Installation notes: it helps to have an assortment of extensions, and a six point 15mm socket and a cheater stick are necessary because the bolts are torqued down pretty good (the nuts are captive/fixed on both upper and lower attachments). I spent about half the total installation time figuring out the wrench/extension layout/routing required to break the upper bolts loose. Asymmetry in the layout of interfering objects means different wrench routing for for L and R - at least it did for me. I did this with the car on the ground, with one wheel up at a time, and others chocked, but I'm still pretty skinny so this approach may not be feasible for everyone.

Product note: before purchase, I thought that the Konis would allow me to field-adjust from underneath the car by releasing the lower fitting and fully compressing the shock in order to engage the adjustment mechanism. But the adjustment cartoon that came in the box also shows that nested high under the cap is a rubber bump-stop which one must push down with a probe via a hole in the top of the cap and then remove from the shaft (this rubber part is split, not a true ring) before the shock can be compressed fully enough to adjust the setting....and I neither had the guts to toss these before installation nor can tell whether they can be plucked out from underneath when the wheel in question is unloaded. Probably some well-positioned dental floss would have made this feasible without creating interference between the cap and outer surface of the shock body when the wheel is loaded - on the wagon, access to the hole on the top of the cap seems hopeless once the shock is installed. As a result, field adjustment of the setting will be a lot more work than I'd hoped, and vastly more than for Koni struts with the little knobs on top....it's not something you'll do three or four times a year to suit particular payloads or road conditions for a particular locale. In my case, the out-of-the-box, mildest setting seems right, but I admit that I haven't driven around at GVWR, as seems inevitable at some point given the size of the cargo area.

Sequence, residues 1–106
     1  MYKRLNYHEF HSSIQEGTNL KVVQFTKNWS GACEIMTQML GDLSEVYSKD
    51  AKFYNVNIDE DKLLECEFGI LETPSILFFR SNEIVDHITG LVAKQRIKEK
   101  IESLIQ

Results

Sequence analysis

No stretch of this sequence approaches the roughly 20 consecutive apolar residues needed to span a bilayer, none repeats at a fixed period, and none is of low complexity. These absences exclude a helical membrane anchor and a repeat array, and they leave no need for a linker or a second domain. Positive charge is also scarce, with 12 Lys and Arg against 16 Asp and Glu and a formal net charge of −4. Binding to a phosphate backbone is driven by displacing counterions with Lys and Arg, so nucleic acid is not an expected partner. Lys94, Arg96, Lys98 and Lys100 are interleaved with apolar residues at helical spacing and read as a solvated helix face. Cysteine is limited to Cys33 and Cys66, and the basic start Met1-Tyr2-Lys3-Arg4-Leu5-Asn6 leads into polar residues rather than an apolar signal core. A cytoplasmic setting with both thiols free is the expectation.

Bottom line: my experience sheds no light on the KYB GR2 vs Koni 8040-1268 decision, but if you have a wagon you should stop waffling and get a pair of one or the other product for the rear end. You *will* wonder why you waited so long. Thanks to DidHeFocus for reporting on his experiences.
 

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FYI

The European Wagon comes with stiffer rear shocks. You can order them for about $40 (not Euro Dollars) a peice. No, shipping is reasonable. Say $20.
My guess, they would solve the alleged problem.
Ford specifically softens up the suspension for North American consumption. Stock dampers are NOT dangerous. That is total BS. Read any review by a professional car reviewer and you will read how the Focus is very predictible at its limits; one of its best charistics. Putting Konis or any aftermarket system is driver choice, not necessity.